Title: FORGET ME NOT
Author: Ellie Terry
Publisher: Feiwel & Friends
Publication Date: March 14, 2017
A girl with Tourette syndrome starts a new school and tries to hide her quirks in this debut middle-grade novel in verse.
Calliope June has Tourette syndrome. Sometimes she can’t control the noises that come out of her mouth, or even her body language. When she and her mother move yet again, she tries to hide her TS. But soon the kids in her class realize she’s different. Only her neighbor, who is also the class president, sees her as she truly is—a quirky kid, and a good friend. But is he brave enough to take their friendship public?
As Callie navigates school, she must also face her mother’s new relationship and the fact that she might be moving again—just as she’s starting to make friends and finally accept her differences. This story of being true to yourself will speak to a wide audience.
This book was truly, truly beautiful.
I’ve been wanting to read this book since PitchWars last year and had it on my TBR list. I finally got around to it and am so happy I did – and sad it took me so long.
Ellie Terry is a talented storyteller, filling her pages with stunning verse, realistic characters, science and heart.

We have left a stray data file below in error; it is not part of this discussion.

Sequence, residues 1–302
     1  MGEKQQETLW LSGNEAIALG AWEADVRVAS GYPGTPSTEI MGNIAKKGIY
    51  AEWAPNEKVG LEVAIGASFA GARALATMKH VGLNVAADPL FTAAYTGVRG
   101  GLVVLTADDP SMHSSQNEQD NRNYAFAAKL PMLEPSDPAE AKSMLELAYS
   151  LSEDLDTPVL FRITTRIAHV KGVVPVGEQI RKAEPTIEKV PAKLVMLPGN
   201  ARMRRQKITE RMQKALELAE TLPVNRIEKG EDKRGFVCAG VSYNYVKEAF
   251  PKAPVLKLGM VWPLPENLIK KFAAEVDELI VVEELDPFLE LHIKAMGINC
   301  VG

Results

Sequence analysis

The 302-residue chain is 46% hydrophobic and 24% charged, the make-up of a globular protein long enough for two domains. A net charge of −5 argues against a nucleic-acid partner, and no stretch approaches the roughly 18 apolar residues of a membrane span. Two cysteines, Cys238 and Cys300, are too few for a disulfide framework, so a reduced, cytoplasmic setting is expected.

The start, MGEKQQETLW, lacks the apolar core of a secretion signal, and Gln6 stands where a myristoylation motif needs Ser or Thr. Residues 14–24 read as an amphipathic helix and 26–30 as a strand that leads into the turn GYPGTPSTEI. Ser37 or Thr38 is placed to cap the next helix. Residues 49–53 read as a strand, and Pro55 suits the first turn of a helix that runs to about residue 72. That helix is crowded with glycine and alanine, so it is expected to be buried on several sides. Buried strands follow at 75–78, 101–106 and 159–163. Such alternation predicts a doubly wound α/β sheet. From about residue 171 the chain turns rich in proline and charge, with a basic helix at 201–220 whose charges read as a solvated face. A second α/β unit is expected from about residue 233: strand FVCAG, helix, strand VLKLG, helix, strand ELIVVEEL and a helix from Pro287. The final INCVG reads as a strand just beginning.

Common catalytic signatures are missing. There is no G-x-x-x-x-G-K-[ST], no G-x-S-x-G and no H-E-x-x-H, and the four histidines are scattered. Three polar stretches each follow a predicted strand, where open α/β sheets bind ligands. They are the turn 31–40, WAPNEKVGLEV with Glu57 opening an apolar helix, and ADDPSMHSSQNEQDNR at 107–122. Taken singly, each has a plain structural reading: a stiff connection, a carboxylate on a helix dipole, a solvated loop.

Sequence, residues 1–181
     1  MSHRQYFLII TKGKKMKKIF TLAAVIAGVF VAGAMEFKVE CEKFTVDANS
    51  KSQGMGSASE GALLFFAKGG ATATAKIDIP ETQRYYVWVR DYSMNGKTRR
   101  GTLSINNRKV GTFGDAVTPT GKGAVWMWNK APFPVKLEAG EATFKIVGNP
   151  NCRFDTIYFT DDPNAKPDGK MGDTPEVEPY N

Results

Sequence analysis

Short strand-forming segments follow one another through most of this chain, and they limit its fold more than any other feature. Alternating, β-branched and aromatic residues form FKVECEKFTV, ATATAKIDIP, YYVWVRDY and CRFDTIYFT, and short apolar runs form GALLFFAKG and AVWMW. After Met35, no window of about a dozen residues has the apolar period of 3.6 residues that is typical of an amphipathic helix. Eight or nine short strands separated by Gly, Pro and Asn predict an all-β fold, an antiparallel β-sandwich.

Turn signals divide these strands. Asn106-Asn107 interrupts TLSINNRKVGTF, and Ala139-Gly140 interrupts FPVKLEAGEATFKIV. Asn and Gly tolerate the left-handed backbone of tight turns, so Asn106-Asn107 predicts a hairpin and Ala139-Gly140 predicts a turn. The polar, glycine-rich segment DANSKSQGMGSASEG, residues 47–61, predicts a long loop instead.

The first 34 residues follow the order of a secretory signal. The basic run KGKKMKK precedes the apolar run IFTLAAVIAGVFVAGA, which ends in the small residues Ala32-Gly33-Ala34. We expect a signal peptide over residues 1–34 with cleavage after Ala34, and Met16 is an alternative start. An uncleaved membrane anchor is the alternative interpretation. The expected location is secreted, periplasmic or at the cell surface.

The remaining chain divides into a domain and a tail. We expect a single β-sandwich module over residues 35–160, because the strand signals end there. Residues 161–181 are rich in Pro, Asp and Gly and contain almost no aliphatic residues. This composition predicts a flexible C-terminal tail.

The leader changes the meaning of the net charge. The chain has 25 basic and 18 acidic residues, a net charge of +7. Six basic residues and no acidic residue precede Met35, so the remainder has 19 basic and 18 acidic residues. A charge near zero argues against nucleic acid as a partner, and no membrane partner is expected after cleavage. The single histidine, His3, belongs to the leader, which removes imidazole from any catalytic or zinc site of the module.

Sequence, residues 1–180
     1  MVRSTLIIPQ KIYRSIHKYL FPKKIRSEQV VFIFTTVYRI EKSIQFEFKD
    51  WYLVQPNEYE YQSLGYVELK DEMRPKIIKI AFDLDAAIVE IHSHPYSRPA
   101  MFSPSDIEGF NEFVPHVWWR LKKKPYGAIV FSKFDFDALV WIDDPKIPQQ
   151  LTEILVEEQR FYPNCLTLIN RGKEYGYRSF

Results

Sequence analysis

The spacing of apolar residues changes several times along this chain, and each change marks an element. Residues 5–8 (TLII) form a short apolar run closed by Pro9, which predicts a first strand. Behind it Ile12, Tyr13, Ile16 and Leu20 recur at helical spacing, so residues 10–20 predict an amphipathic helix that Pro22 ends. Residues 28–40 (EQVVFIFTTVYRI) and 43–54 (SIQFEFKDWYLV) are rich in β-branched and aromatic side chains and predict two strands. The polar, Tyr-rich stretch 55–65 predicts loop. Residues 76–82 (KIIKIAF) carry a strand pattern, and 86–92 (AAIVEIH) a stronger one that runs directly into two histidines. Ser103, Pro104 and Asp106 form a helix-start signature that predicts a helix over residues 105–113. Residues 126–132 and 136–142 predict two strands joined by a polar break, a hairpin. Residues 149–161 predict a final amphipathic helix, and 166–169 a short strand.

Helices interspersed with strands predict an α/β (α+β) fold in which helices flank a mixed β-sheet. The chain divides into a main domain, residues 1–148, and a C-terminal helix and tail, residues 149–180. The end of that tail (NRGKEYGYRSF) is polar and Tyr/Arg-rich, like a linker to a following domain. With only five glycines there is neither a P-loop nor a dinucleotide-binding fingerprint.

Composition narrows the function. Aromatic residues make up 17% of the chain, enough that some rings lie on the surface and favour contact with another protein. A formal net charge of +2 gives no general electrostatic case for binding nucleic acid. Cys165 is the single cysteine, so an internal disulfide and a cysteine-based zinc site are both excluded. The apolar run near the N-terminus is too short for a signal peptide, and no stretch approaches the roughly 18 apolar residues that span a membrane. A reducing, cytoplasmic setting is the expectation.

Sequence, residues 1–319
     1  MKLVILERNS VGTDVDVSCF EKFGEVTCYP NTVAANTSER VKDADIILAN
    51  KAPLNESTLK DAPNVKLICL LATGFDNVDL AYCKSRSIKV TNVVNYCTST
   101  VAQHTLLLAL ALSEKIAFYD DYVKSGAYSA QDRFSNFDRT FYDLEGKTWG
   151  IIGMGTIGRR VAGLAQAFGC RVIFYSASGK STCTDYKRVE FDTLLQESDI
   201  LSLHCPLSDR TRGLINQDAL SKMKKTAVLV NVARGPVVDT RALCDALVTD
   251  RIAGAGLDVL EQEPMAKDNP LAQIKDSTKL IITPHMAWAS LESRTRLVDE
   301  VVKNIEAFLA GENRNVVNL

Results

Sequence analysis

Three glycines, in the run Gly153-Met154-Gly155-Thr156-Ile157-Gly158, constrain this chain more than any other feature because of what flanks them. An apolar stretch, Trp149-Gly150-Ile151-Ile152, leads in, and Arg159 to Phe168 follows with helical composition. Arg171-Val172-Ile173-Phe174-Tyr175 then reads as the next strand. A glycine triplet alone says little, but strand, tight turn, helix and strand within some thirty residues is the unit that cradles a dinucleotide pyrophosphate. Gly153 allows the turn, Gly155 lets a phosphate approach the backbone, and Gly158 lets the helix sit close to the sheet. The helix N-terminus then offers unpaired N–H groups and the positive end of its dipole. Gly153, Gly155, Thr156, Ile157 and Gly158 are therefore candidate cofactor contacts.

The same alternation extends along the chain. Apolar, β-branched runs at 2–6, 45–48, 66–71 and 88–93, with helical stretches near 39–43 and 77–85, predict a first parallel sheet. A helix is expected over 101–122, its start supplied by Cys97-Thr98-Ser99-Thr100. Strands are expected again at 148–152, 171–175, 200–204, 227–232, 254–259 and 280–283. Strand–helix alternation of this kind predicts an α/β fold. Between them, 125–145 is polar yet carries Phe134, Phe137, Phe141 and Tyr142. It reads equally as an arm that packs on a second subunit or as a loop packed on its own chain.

Terry will say in her acknowledgments that Tourette’s Syndrome is very misunderstood and she was hoping this book would help with those misconceptions. I think it did. It wasn’t something I thought about a lot, but things I do remember are from movies where people pretend to have TS and scream and yell at each other.
I knew a boy a couple of years older than me in school though who had TS. He would bang his desk every once in a while, snort a lot, twitch his face … and the kids stared. And they weren’t nice. It was hard to watch and made this book sort of a hard read. I was friends with his little brothers and the way they stood up for him and his loving family environment more than made up for it.
Callie June will forever hold a special place in my heart. She was wonderful in her ticcs and her quirkiness. In her trying to be brave and discovering how to exist in a world where she was always the new student. In the way Terry used verse to explain how she saw the world and how every word felt like something sweet I wanted so savor. I re-read so many of the pages so many times because it felt so perfectly written. Sigh.
And Jinsong was an excellent compliment to her character. He was everything Calli needed but imperfect in her choices in a way a middle school kid would be. He made me cheer for him and broke my heart, but I love him too. The fact that Terry wrote his parts in prose was a brilliant way to set his character apart from Calli, but Terry’s prose is purposeful and beautiful as well.
Another side effect – I wanted to know more about the moon and I loved how facts and poems about astronomy and the moon were interwoven throughout the story.
This book only took a couple hours of my Sunday but it is definitely one I will think on in the days to come and re-read as well. I highly recommend to readers of all ages if you love unique characters, gorgeous writing, and unexpected but happy endings.